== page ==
Is Prostate Cancer Screening Still Necessary?
The current test for prostate cancer continues to spark debate. In part 1 of WebMD's 2-part series, there's important prostate cancer information that men should have.
Understanding Prostate Cancer and the PSA Exam
The prostate gland is a small walnut-sized organ that sits in a man's pelvis, right behind the pubic bone. The bladder lies just on top; the rectum, just below. The urethra, the tube that carries urine out of the body, runs through the prostate gland, and on either side is a network of nerves that help control sexual function.
The role of the prostate is to produce a substance that mixes with sperm to create semen. Prostate cells also secrete a number of proteins, including prostate specific antigen, or PSA.
"It's important to note that both normal prostate cells and malignant prostate cells produce PSA," says Chinnaiyan.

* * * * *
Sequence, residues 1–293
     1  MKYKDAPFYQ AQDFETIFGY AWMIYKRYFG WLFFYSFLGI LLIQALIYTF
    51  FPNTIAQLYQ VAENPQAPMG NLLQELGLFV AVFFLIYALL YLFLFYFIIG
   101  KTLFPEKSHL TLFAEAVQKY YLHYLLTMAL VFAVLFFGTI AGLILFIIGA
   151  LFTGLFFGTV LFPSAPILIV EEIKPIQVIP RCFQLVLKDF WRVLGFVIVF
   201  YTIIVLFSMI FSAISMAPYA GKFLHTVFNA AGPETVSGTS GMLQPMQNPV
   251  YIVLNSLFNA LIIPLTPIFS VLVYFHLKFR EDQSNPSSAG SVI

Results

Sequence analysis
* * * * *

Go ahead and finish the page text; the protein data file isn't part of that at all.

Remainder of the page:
So how does the PSA relate to prostate cancer?
Experts say a small amount of PSA is always leaked into the bloodstream. Just how much is found in the blood is then used to determine the risk of prostate cancer.
While it seems like a straightforward association, it's not. The reason: According to urologist Simon Hall, MD, there are some men with a very aggressive prostate cancer whose PSA levels are normal. Likewise, there are men whose PSA levels are soaring but who are cancer-free. And right now, no one is sure why.
Still, he tells WebMD, "It's important for men to understand that the PSA does not diagnose cancer; it helps to create a risk profile. It only tells you if your risk is increased," says Hall, chairman of the department of urology at the Mount Sinai School of Medicine in New York City. And, he says, when interpreted properly, it can do just that.
To help further define those risks, doctors frequently perform a second exam known as the DRE or digital rectal exam. In this test the doctor manually examines the prostate through the rectum, checking for shape, symmetry, hardness, and size.
The Prostate Cancer Biopsy: Your Ultimate Diagnostic
Depending on the findings of both the DRE and PSA screenings, the final diagnostic step is frequently a biopsy or sampling of the cells inside the prostate. In this procedure, Lepor says, 12 to 14 cores [cell samples] are removed and tested for the presence of cancer cells and their type, size, and aggressiveness (how fast they are growing).